Sunday, May 4, 2014

Dark Matter Composers

Astrophysicists speculate about the existence of something they call "dark matter" in order to explain things, like the "missing mass" in the Universe. Here, go read all about it. They have the odd idea that less than 5% of the universe consists of the matter we actually know and love while most of it actually consists of dark matter and dark energy that we have no direct evidence of.

Dark matter composers we do have direct evidence of, however! A while ago I put up a post about Haydn in which I talked about the Light and the Dark. Haydn is a composer of the light. There are very few places in Haydn where he really seeks out a dark mood. This might be one reason why he does not get the credit he deserves. We tend to think that evoking the Dark is more serious than evoking the Light. So there are quite a few composers we consider to be serious that I would want, metaphorically at least, to call "Dark Matter" composers, i.e. ones that tend to evoke the Dark rather than the Light.

Let me pick an obvious example, Niccolò Paganini, the great Romantic violinist who cultivated a dark and mysterious image:

And here is Hollywood's predictable take on what a Paganini concert might have been like. David Garrett is playing Paganini:

But Paganini's music really isn't quite as demonic as it would like to appear, being fairly typical early Romantic in style, with a focus on virtuosity:

Now, of course, there were truly dark composers long before Paganini and Romanticism. The most obvious is Carlo Gesualdo, Prince of Venosa, lutenist, composer and murderer of his wife and her lover. He wrote the darkest music of the 16th century:

The Baroque era had its moments of darkness in music as well, some of them written by J. S. Bach in his church music in gritty evocation of the sufferings of this world. Here is a bass aria from the Cantata BWV 13 as an example:

But with the arrival of Classical style, this kind of profound darkness was no longer easily available and even supposedly serious church music tended to have the bounce of Italian comic opera. Listen to this Kyrie from the Missa in tempore belli, especially from 1:24 on.

It was only with very late Mozart and much of Beethoven that the dark depths began to be explored, which is why sometimes they are called the first romanticists as this darkness was the specialty of the Romantic era. Here is an obvious example from Mozart, the Lacrimosa from the Requiem:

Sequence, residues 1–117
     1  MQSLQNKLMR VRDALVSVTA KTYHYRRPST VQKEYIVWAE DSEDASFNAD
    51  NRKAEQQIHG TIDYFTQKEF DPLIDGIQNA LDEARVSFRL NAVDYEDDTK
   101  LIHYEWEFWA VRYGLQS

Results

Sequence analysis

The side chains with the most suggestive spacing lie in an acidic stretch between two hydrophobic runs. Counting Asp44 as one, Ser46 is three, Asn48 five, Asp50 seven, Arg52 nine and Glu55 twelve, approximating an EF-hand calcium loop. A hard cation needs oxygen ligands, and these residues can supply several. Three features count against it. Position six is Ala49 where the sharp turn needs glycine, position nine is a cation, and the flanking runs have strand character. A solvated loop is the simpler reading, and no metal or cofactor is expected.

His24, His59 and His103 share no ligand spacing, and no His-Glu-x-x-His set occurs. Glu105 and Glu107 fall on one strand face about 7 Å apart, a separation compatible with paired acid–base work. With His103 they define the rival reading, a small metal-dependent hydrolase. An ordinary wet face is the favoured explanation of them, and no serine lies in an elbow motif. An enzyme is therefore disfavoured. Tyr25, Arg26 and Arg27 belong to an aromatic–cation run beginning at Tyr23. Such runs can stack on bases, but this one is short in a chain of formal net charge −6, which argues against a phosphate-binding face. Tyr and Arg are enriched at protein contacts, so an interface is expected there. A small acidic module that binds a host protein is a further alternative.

This, along with the Symphony No. 40 in G minor, is probably thought of as typical Mozart by many. It is only when you realize that he wrote almost no other symphonies in a minor key, that you start to wonder. If you set out, as I am at present, to listen to the complete works of Mozart, you realize that nearly all of his music is cheerful light entertainment, done with great expertise and charm, of course. But rarely evoking dark moods. Beethoven is a whole other thing, of course. It is with his music that we begin to depart from the cheerful light of Haydn's Classical style. A famous example would be the crepuscular mood of the "Moonlight" Sonata:

But there are a host of other examples in Beethoven such as the "Malinconia" introduction to the last movement of the Quartet, op 18 no 6:

Not to mention the heaven-storming energies of the Symphony No. 9. "Dark Energy" indeed:

But it was really Franz Schubert who unveiled the full powers of darkness in composition. At age seventeen he composed almost the harbinger of the whole 19th century, the mysterious song about the Elf King:

And he really captured the mood perfectly with the opening of his "Unfinished" Symphony, an evocation of pure darkness:

From then on, it was hard for a composer to do anything else as the cheerful radiance of Haydn would just seem trivial after that. I won't go on, putting up more examples, but listen to the music of Liszt, Wagner, Bruckner and Mahler to hear how this evocation of darkness was elaborated. And at the very end we come to Scriabin, who is a kind of culmination:

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